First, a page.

Within a few years, friends were donating to Ms. Koenigsberger’s Hearts of Gold, a charity that works in shelters with single moms and children. The objective: to empower women to control their futures through education and employment.
“My goal is to help homeless moms get their shot. Lots of the families end up in shelters because they never had access to two of the most powerful game changers: opportunity and education,” Ms. Koenigsberger says.
The little-known nonprofit has a $1.2 million annual budget and sponsors 15 shelters. It has raised more than $20 million since launch and has helped more than 36,000 shelter residents via a holistic approach that includes job training, early childhood and after-school education, babysitting, tutoring, field trips, and summer camps. The group has donated thousands of stocked school backpacks, presents, winter coats, and care packages for pregnant moms and families moving into shelters or long-term rentals.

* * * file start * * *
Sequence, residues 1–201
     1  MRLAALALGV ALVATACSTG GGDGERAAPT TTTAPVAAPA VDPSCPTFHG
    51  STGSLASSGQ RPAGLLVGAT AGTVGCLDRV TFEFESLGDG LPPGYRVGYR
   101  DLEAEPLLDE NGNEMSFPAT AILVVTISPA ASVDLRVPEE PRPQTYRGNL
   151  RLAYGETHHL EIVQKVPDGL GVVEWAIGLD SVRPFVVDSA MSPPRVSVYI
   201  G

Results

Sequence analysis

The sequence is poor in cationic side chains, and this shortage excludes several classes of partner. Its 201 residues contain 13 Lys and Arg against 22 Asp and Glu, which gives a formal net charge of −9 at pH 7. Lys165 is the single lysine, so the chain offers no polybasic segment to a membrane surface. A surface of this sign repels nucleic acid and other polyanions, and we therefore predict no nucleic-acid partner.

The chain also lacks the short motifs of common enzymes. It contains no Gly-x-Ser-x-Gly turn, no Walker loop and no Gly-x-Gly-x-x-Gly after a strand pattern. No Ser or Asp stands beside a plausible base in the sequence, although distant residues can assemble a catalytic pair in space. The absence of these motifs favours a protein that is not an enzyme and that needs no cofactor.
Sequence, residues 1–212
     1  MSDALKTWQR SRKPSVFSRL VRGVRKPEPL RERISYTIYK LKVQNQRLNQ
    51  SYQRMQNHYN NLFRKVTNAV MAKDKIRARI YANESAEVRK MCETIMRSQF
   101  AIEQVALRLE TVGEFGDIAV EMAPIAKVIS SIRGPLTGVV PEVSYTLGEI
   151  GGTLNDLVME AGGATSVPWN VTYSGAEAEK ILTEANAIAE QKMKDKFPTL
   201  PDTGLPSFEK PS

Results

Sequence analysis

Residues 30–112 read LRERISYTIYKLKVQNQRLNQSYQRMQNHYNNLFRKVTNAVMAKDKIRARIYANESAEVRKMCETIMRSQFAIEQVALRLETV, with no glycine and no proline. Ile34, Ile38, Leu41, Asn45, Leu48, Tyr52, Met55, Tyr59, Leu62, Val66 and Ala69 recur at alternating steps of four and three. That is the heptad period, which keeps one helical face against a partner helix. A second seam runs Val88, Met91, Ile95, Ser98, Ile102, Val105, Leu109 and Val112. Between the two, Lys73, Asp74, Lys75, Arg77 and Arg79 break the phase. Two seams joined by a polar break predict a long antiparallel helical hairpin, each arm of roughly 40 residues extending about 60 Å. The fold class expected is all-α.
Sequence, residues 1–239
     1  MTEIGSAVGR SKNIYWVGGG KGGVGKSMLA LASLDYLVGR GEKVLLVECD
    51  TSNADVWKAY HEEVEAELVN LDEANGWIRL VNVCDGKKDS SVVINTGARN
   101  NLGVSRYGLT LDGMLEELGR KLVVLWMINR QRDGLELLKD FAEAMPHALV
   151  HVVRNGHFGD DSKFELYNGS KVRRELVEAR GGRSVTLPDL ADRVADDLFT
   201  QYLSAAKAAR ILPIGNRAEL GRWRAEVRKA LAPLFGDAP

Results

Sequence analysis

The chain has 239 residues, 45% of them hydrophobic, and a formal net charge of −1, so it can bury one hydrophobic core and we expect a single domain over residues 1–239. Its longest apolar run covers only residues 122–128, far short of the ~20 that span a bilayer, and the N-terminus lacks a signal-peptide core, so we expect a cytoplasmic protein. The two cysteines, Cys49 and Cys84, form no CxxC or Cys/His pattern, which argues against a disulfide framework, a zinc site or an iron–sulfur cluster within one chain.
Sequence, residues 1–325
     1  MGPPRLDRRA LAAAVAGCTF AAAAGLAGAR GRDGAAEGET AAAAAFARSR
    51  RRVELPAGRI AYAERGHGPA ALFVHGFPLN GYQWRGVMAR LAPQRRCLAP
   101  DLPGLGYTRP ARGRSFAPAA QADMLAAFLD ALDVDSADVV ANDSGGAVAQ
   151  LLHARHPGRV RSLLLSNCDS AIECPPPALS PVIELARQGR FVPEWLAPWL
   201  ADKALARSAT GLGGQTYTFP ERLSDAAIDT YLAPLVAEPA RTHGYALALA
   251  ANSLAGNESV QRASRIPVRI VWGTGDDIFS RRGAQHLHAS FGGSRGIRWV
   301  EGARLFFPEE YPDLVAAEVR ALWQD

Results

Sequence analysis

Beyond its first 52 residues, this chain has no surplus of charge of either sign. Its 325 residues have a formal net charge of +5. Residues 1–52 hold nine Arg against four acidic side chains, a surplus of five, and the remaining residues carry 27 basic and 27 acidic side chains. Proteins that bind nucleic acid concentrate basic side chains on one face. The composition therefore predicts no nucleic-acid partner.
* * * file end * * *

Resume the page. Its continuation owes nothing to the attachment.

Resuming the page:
Lizette Kodama/Courtesy of Hearts of GoldDeborah Koenigsberger (second from left) celebrates with Hearts of Gold moms honored for their achievements recently.
“Anything is possible”
Jacqueline Brown met Ms. Koenigsberger in 1999 when she and her daughter lived in a shelter. Ms. Koenigsberger shepherded her through her GED tests and helped prepare her for a job working with homeless people. Last year, with Hearts of Gold funding, Ms. Koenigsberger took the Brooklyn mother and her son on a college tour and later outfitted his Drake University dorm room in Iowa.
“She instilled in me that anything is possible,” says Ms. Brown, recalling the difficulty of raising her kids on her own. “She empowered me to know that if I can do it, I can be a good example for my children.”